WRAL reporters targeted in unemployment scam; state promises changes
Posted December 14, 2020 5:45 p.m. EST
Updated December 14, 2020 7:19 p.m. EST
Raleigh, N.C. — Unemployment fraud is a serious problem, one that has impacted thousands this year, including 5 On Your Side’s Monica Laliberte and WRAL’s Brian Shrader. Both recently had scammers file for unemployment in their names.
Their experience dealing with the fraud raised serious concerns and a push for answers.
"If two people in the same company this happened to within a couple of weeks of each other, just imagine across the state, the scale at which this is happening," Shrader said.
Since March, the NC Division of Employment Security Commission paid out $11 million in fraudulent, ID theft-related claims.
While victims will probably never know for sure, often, a prior data breach likely put personal information out there: birth dates, addresses and social security numbers.
"I’m upset that it happened to me because I have done all the right stuff," Shrader said.
He had a credit freeze in place, but that doesn’t help with a fraudulent unemployment claim.
"It seems like every time we put a tool in place to help prevent fraud and identity theft, the criminals find a way to work around, and we ended up having to add another layer," said Pryor Gibson, head of the North Carolina Division of Employment Security.
Laliberte asked him about the letters she and Shrader got from DES with the headline: Wage Transcript and Monetary Determination.
"There’s nothing anywhere in either of these letters to tell me what to do if I think it’s not accurate or especially if I think it’s fraud," said Laliberte.
"I hear you," said Gibson.
"I thought maybe because of the CARES Act, and with so many people filing for unemployment, maybe this was just a statement of, here are your potential benefits, if you do need to file for unemployment," Shrader said. "I thought it was just kind of junk mail, and I threw it away."
In Shrader’s defense, a line in the letter refers to it as "an explanation of potential benefits."
It includes information "on how to protest the benefit amount, "discrimination concerns," and even "important information about registering for work."
But nothing indicates money is about to be, or in Shrader’s case, is already being paid in his name.
"I didn’t see anything on there that caught my attention that said this would be a problem, that something is up," he said.
Gibson told Laliberte the letter is directed to help those in need, not to sound alarms about fraud.
Still, he plans to make a change.
"I would argue that it is maybe a good thing to put a statement in there that’s, in the event that you don’t deserve these benefits, you should call the fraud hotline number," said Gibson. "We’ll look at drafting a message that makes it clear."
A letter from DES will alert you if there’s a potential issue.
Laliberte also shared concerns that she and Shrader experienced when they called the DES Fraud Hotline, even after they’d already filed fraud reports with DES online.
"Based on my interaction, I have absolutely no confidence that the person even understood what was going on," Shrader said.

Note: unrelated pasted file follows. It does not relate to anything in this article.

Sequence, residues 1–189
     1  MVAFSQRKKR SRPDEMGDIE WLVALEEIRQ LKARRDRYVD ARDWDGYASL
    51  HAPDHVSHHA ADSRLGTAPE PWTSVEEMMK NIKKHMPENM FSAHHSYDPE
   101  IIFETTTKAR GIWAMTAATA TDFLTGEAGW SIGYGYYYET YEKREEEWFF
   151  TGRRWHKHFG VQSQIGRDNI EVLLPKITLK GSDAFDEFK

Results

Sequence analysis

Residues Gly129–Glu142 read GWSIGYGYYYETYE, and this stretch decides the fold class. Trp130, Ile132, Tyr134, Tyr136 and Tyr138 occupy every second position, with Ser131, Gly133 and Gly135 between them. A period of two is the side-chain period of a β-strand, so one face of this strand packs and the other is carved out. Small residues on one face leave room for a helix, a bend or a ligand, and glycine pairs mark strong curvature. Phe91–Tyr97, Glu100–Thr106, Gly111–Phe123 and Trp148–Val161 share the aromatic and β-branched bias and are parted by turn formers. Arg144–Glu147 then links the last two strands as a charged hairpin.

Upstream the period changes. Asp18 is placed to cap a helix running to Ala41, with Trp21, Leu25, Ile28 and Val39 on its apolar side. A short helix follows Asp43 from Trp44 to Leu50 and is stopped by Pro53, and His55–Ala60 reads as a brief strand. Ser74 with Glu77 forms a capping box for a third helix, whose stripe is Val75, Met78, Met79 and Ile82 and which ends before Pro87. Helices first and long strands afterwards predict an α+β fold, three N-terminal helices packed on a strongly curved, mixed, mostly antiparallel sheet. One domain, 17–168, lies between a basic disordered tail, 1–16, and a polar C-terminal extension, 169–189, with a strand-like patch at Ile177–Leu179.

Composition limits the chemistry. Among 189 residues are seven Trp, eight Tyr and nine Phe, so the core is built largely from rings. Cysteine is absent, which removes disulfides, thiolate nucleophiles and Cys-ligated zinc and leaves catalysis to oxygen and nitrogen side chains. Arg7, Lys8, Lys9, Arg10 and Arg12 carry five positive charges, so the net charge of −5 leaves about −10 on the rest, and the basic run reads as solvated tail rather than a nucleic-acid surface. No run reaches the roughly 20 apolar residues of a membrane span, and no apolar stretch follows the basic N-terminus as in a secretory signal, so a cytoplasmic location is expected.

Both say they were questioned as if they were asking for benefits.
"You know, where did I work, how much did I make and all of this stuff, and I said, `no, no, no, no, no,’" Shrader said.
Gibson said, "if that’s what happened, then that’s a shortcoming."
"Do we need people better trained and in a better position to help solve this? Absolutely. And that’s what we’ve been working on non-stop for the last six months," said Gibson.
DES fraud investigators have flagged 28,300 cases since March, part of the nationwide spike reported by the FBI.
But perhaps the biggest concern 5 On Your Side addressed with DES, is that Shrader’s claim was paid even before his employer, Capitol Broadcasting, got notice of it.
"I was shocked that they were getting paid," Shrader said. "I don’t understand how that could have happened. Where’s the verification?"
"It’s serious, it’s complicated, and it’s incredibly urgent," said Gibson.
Gibson says fraud happens despite a "litany" of detection and verification efforts.
"It ranges everywhere from addresses that are suspicious, phone numbers that might’ve been used that are repetitive," said Gibson.
They even flag IP and email addresses that appear similar.
Who’s behind the fraud?
"Sometimes it’s individuals, sometimes it appears to be professionals, but every time it happens, it’s devastating to the individual," said Gibson.
He adds a huge number of claims, skillful scammers and a push to get benefits to the people who need them complicate matters.
"Every time we turn the dial to prevent fraud, we diminish the ability to get a payment out quickly," said Gibson. "It’s a balancing act that sometimes we don’t get completely right, but we sure work on it every day."
Now, as with any identity theft, Shrader and Laliberte must work to protect their personal information.
To nip ID theft in the bud, check credit reports regularly. Get a free report from annual credit report.com.
And know, scammers usually get unemployment payments deposited into their accounts.
Sometimes, as happened to Shrader, the benefit debit card was sent to his address.
The FTC warns it’s called a money mule scam.
The fraudsters may call, text or email to get you to send them the money. Sometimes they claim to work with the government and the payment was a mistake that needs to be sent back.